What is Colorectal Cancer?
The colon and rectum make up the large intestine. The colon makes up the first four to five feet of the large intestine and the rectum comprises the last several inches.
The colon takes partly digested food from the small intestine and continues the digestive process by removing water and other nutrients from the food and turning the remainder into waste. That waste then moves into the rectum and is passed out through the anus.
Understanding Colorectal Cancer
Billions of cells do different jobs throughout the body. Normal cells grow, divide and organize in an orderly way. Cells die and are replaced by new cells continuously.
A tumor develops when cells in the body begin to divide and change without order or control. If cells keep dividing uncontrollably, a mass of tissue forms into a growth or tumor.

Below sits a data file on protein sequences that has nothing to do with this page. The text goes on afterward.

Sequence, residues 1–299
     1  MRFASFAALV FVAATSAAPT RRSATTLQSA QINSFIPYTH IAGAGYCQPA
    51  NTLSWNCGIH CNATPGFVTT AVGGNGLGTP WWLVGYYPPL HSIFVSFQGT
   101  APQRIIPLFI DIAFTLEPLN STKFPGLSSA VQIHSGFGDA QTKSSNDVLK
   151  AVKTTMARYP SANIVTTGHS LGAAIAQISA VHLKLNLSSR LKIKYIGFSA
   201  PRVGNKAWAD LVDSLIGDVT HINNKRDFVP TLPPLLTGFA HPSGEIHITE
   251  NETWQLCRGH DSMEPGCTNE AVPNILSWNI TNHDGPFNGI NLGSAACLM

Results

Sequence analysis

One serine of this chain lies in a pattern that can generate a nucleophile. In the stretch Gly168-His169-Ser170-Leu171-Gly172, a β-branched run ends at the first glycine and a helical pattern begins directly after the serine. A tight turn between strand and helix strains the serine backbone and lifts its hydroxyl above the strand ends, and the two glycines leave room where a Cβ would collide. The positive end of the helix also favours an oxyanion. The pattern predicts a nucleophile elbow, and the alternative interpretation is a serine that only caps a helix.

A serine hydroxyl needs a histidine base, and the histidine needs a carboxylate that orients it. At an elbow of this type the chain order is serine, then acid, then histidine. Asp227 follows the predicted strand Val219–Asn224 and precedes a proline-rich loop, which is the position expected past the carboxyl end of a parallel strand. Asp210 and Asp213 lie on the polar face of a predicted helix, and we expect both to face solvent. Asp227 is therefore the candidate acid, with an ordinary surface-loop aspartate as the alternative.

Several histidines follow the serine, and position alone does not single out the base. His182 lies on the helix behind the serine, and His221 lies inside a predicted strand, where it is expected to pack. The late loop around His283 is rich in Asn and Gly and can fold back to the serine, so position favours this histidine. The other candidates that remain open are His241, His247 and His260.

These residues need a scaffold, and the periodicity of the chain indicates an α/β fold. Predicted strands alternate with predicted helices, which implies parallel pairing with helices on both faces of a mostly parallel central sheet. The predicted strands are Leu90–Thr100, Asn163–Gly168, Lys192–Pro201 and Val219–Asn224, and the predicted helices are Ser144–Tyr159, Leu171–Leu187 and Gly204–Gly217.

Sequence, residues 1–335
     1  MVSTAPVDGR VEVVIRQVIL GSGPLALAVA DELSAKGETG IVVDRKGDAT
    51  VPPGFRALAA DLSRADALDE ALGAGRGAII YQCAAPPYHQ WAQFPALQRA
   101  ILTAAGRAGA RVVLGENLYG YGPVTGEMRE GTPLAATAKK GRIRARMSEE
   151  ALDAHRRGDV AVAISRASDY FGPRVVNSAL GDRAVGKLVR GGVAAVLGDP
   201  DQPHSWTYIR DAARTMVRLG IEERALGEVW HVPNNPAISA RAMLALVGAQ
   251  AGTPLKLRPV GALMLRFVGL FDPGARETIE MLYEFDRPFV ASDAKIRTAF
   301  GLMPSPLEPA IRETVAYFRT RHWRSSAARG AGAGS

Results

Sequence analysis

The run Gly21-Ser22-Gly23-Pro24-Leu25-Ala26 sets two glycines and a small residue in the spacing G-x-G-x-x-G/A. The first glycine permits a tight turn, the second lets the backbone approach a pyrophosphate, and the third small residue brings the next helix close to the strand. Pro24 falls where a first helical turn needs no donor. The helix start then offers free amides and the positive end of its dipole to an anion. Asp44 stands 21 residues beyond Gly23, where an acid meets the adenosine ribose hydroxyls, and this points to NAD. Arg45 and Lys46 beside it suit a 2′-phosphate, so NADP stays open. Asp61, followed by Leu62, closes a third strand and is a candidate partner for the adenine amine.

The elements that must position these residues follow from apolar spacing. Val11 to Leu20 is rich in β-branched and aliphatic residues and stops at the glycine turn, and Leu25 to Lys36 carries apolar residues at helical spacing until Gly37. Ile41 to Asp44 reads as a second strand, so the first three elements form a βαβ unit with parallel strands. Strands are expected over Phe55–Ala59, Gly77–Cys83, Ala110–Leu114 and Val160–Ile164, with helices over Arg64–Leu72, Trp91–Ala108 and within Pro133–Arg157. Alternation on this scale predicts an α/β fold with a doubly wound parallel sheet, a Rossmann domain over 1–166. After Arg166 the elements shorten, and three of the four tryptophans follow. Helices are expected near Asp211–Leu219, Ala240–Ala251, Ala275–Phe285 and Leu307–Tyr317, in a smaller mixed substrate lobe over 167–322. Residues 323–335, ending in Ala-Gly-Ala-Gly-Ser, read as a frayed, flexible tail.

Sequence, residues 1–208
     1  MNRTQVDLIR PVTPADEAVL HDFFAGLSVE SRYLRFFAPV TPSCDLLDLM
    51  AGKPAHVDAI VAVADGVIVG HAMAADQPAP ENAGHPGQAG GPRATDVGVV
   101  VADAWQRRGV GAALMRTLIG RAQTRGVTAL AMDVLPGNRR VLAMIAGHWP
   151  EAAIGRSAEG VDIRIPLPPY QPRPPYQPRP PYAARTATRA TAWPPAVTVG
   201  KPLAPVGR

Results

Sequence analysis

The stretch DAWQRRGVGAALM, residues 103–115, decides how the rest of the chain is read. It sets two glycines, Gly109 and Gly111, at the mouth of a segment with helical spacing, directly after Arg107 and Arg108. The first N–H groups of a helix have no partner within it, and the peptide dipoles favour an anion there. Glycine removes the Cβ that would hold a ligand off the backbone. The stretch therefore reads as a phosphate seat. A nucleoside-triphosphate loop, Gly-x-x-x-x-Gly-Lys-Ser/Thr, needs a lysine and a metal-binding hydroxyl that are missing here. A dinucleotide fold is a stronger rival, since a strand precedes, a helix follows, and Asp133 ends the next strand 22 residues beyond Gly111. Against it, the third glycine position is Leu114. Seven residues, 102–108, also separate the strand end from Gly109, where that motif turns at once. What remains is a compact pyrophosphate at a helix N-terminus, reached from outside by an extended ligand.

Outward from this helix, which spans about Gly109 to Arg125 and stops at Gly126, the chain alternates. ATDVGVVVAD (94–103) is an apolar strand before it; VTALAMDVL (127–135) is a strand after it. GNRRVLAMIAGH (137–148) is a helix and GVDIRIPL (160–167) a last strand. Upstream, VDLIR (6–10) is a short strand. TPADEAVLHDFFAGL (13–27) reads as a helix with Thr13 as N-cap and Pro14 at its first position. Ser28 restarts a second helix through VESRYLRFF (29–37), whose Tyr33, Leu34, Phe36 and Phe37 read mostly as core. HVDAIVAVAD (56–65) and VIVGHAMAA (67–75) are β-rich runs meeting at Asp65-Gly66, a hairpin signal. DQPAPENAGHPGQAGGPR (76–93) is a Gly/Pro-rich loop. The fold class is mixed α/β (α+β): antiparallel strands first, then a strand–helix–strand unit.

Not all tumors are cancerous. Tumors that are not cancerous are considered benign. Malignant tumors are cancerous and can invade nearby tissue and spread to other parts of the body.
Colorectal cancers almost always start as benign growths called polyps, in the wall of the colon. Polyps are common, especially in people over age 50. Polyps that become cancerous typically progress slowly, taking up to 10 years to develop into cancer.
Once a polyp becomes cancerous, cancer cells can spread from the colon or the rectum to the lymph nodes, liver and lungs. Most polyps can be detected and removed before they become cancerous.
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